Students of LMC ‘woke’ by Clark

Passionate sociology major tackles issues

Brenna Enos, Staff Writer

It was a spine-chillingly cold day before Thanksgiving in North Dakota, but instead of spending the holiday in the warm comfort of his home with family, Marcelo Clark was protesting at Standing Rock.

Thrust between the natives wearing gas masks and goggles and the unforgiving police officers, Clark stood his ground in the fight for social justice, willing to risk it all to protect the land of the Native Americans.

“I was prepared to be arrested,” said Clark. “I didn’t come to get arrested but that’s just something I had to prepare for when standing against the police.”

A politically and socially passionate student at Los Medanos College, Marcelo Clark has been a strong voice on campus. The sociology major has dedicated his time and efforts into giving his all to the LMC community through being an Enrichment Officer for the Honors Club board, starting the California Association of Woke Students (C.A.W.S.) club at LMC and tutoring sociology students.

He plans to transfer in the fall of 2017 to UCLA with a Kennedy-King scholarship, and hopes to teach sociology when he completes his education.

This long laundry list of activities and goals did not come without hard work, and in Clark’s case, a supportive school environment.

On Christmas morning in 2004, Clark’s parents split up and their eventual divorce began a rough period for his family, losing their house, their car, and their stability.

After moving in with his grandparents, Clark’s life improved, but without a father to look up to, he carried his struggles with him to school every day.

“I never really had a male figure in my life,” recalled Clark. “My teachers would notice that I would do really well (in school) when my dad was around, but when he’d be gone my grades would slip.”

Clark struggled with his grades in school from elementary through to high school, but once he got to LMC, things started to look up.  

He decided to become a sociology major during his second semester at LMC after taking Sociology and English 100. These courses taught Clark about police brutality, racism and white supremacy, and after forming a close bond with LMC sociology professor Alex Sample, he decided this field was what he wanted to pursue.

“When I would go to (Sample’s) office hours, he would tell me ‘you remind me of a young me and you need to take my position when I’m gone,’ and I honestly think that played a major role in choosing my major,” said Clark.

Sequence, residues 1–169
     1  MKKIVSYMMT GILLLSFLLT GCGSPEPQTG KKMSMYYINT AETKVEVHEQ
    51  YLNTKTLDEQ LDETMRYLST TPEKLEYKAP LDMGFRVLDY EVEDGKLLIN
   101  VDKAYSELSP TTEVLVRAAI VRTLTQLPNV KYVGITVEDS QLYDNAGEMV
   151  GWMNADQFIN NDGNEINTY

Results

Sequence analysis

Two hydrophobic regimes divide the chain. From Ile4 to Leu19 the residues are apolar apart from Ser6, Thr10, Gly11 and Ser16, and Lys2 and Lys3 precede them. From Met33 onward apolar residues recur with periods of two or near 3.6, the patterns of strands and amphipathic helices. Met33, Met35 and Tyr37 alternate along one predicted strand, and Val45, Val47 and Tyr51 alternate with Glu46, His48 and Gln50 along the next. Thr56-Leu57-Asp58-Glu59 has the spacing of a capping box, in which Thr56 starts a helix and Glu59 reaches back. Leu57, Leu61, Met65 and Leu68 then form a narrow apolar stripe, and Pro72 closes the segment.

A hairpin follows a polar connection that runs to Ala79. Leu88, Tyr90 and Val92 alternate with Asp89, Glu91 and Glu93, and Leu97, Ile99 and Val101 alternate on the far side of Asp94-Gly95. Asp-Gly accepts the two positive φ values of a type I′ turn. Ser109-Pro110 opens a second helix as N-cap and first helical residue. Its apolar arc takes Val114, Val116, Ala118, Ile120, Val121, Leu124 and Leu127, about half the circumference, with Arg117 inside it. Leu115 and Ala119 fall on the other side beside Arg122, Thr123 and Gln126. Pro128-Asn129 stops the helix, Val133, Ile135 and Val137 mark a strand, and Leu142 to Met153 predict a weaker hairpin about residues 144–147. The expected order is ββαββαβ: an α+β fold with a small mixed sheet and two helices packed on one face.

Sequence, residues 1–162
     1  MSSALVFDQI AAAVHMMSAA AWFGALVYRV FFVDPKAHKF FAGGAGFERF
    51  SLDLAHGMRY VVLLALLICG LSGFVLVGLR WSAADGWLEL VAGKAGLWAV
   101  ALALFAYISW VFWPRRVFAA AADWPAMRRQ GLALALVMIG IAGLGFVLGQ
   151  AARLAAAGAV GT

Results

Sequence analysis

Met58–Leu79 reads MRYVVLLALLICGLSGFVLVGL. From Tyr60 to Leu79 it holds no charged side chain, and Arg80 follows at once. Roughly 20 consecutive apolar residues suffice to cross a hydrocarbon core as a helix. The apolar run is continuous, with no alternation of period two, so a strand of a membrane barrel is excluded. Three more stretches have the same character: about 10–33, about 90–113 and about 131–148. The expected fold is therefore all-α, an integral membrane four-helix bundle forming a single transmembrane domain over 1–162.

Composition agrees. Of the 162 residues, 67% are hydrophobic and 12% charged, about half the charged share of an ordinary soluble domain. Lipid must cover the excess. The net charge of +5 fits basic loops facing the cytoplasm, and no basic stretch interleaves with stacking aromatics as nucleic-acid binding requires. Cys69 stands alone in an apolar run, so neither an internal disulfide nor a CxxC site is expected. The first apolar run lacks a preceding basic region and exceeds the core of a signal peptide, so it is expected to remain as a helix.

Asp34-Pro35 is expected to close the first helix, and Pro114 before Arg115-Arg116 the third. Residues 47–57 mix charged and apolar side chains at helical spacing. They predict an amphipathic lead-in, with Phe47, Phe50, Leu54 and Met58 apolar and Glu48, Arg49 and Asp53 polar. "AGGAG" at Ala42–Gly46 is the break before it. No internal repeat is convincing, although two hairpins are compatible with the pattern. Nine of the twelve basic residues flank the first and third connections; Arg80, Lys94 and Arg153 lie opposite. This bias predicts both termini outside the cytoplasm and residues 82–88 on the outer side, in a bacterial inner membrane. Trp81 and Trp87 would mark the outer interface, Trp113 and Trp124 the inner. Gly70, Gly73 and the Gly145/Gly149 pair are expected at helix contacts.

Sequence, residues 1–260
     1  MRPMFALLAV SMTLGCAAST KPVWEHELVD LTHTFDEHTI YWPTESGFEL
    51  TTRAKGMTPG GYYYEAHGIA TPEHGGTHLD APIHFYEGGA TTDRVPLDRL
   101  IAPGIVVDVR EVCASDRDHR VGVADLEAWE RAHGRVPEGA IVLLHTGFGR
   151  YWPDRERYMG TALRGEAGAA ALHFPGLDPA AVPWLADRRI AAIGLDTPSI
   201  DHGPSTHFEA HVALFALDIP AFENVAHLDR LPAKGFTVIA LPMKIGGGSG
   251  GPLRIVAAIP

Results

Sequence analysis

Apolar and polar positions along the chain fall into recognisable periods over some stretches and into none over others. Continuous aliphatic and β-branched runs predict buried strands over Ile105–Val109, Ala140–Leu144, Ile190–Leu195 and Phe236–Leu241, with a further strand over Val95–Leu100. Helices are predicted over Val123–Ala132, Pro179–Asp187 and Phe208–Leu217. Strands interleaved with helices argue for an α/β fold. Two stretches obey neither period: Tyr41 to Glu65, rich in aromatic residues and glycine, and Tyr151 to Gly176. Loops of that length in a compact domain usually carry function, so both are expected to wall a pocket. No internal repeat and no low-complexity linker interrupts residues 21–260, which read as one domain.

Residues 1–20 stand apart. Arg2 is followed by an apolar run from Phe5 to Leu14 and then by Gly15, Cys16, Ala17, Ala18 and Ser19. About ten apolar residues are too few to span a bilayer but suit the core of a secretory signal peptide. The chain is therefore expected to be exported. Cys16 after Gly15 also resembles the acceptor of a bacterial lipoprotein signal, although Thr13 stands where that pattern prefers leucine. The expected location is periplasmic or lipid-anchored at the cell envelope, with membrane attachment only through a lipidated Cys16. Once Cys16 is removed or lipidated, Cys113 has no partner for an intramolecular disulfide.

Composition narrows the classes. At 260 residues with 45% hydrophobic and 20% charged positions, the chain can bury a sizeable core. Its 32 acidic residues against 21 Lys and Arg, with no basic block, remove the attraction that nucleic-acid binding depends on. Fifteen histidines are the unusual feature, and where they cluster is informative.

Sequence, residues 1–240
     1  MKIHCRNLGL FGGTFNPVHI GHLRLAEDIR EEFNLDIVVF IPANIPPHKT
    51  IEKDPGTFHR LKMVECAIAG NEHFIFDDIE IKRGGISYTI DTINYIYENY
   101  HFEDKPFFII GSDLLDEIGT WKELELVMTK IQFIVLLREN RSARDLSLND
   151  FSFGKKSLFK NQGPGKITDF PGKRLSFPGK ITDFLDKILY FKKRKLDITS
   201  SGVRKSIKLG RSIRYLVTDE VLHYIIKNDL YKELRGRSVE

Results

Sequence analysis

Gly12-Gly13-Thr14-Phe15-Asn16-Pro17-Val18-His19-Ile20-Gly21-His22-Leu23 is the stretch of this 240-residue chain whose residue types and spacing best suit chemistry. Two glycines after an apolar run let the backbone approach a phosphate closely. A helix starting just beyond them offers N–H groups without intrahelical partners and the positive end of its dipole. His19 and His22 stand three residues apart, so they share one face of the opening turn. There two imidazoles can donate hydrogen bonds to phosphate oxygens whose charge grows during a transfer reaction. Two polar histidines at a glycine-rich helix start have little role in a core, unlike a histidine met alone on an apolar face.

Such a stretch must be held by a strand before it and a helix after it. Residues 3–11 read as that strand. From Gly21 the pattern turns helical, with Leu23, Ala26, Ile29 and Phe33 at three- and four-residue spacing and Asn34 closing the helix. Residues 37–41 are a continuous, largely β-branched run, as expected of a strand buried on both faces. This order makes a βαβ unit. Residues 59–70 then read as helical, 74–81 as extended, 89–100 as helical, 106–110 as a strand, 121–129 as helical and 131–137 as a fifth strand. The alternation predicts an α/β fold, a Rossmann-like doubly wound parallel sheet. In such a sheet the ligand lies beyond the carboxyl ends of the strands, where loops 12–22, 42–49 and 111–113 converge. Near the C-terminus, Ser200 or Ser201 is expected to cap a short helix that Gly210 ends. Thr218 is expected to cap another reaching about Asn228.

Clark took his passion for sociology and social justice to a new level when starting the C.A.W.S. club at LMC this spring. After attending an impact conference last fall at LMC, Clark realized that many social issues needed to be addressed on campus.

“How are we a Hispanic-serving institution yet we rarely address things that are happening in communities of color?” questioned Clark. “I wanted to start a club that dealt with that.”

Designed to make students aware of social issues prevalent in the world, the C.A.W.S. club organizes events that address heated topics and makes students politically aware.

During the semester, Clark organized multiple panels including one on Black Lives Matter. This event discussed and celebrated black history and featured Dan Siegel, a local civil rights attorney in Oakland.

LMC Honors Director Jennifer Saito witnessed the hard work Clark not only dedicated to C.A.W.S during the semester, but to the Honor Program throughout the school year.

“He has been a very strong presence to the program this entire year,” said Saito adding, “He’s had such wonderful ideas.”

Despite conquering the feat of starting the club, Clark has faced problems running it due to his hefty 15-unit school schedule that includes three honors classes, volunteering, tutoring and trying to find some time for himself.

“I pulled an all-nighter the other day because I had to study for my chemistry test,” said Clark, adding with a chuckle “the class is really, really hard. It’s been difficult to run the club on my own.”

Nevertheless, Clark has remained positive about C.A.W.S future, hoping that it will continue to run after he graduates in a few weeks.

While Clark’s time at LMC will come to an end after he graduates in a few weeks, LMC has made a big impact on Clark’s life — and Clark made a big impact on LMC.

“I think my overall high school graduating G.P.A was a 2.2” said Clark. “I’ve really transformed myself here at LMC— I now have a 3.8, I am in 4 clubs, I tutor and I’m an Enrichment Officer (for the Honors Program). I never would have thought that I’d be this person.”